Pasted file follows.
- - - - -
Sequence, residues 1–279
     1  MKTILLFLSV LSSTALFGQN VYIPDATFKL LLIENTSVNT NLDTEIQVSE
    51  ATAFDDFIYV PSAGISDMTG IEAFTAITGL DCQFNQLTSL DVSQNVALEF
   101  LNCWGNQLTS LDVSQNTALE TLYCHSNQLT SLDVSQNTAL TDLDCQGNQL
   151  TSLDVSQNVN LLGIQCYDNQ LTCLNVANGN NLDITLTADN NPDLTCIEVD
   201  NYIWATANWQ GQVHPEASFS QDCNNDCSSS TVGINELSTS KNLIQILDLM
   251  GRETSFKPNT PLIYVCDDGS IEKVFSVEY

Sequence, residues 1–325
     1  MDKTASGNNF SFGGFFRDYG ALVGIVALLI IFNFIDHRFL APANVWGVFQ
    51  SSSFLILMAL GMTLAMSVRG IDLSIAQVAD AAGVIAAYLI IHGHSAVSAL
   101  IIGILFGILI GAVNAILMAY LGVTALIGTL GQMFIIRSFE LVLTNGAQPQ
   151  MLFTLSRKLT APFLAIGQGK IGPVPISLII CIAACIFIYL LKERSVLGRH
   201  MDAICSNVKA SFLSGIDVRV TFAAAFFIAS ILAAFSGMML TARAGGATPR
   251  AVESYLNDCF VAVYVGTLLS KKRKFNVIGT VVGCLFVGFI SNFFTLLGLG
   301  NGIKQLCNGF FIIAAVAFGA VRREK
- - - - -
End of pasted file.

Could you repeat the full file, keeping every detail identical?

Sequence, residues 1–279
     1  MKTILLFLSV LSSTALFGQN VYIPDATFKL LLIENTSVNT NLDTEIQVSE
    51  ATAFDDFIYV PSAGISDMTG IEAFTAITGL DCQFNQLTSL DVSQNVALEF
   101  LNCWGNQLTS LDVSQNTALE TLYCHSNQLT SLDVSQNTAL TDLDCQGNQL
   151  TSLDVSQNVN LLGIQCYDNQ LTCLNVANGN NLDITLTADN NPDLTCIEVD
   201  NYIWATANWQ GQVHPEASFS QDCNNDCSSS TVGINELSTS KNLIQILDLM
   251  GRETSFKPNT PLIYVCDDGS IEKVFSVEY

Sequence, residues 1–325
     1  MDKTASGNNF SFGGFFRDYG ALVGIVALLI IFNFIDHRFL APANVWGVFQ
    51  SSSFLILMAL GMTLAMSVRG IDLSIAQVAD AAGVIAAYLI IHGHSAVSAL
   101  IIGILFGILI GAVNAILMAY LGVTALIGTL GQMFIIRSFE LVLTNGAQPQ
   151  MLFTLSRKLT APFLAIGQGK IGPVPISLII CIAACIFIYL LKERSVLGRH
   201  MDAICSNVKA SFLSGIDVRV TFAAAFFIAS ILAAFSGMML TARAGGATPR
   251  AVESYLNDCF VAVYVGTLLS KKRKFNVIGT VVGCLFVGFI SNFFTLLGLG
   301  NGIKQLCNGF FIIAAVAFGA VRREK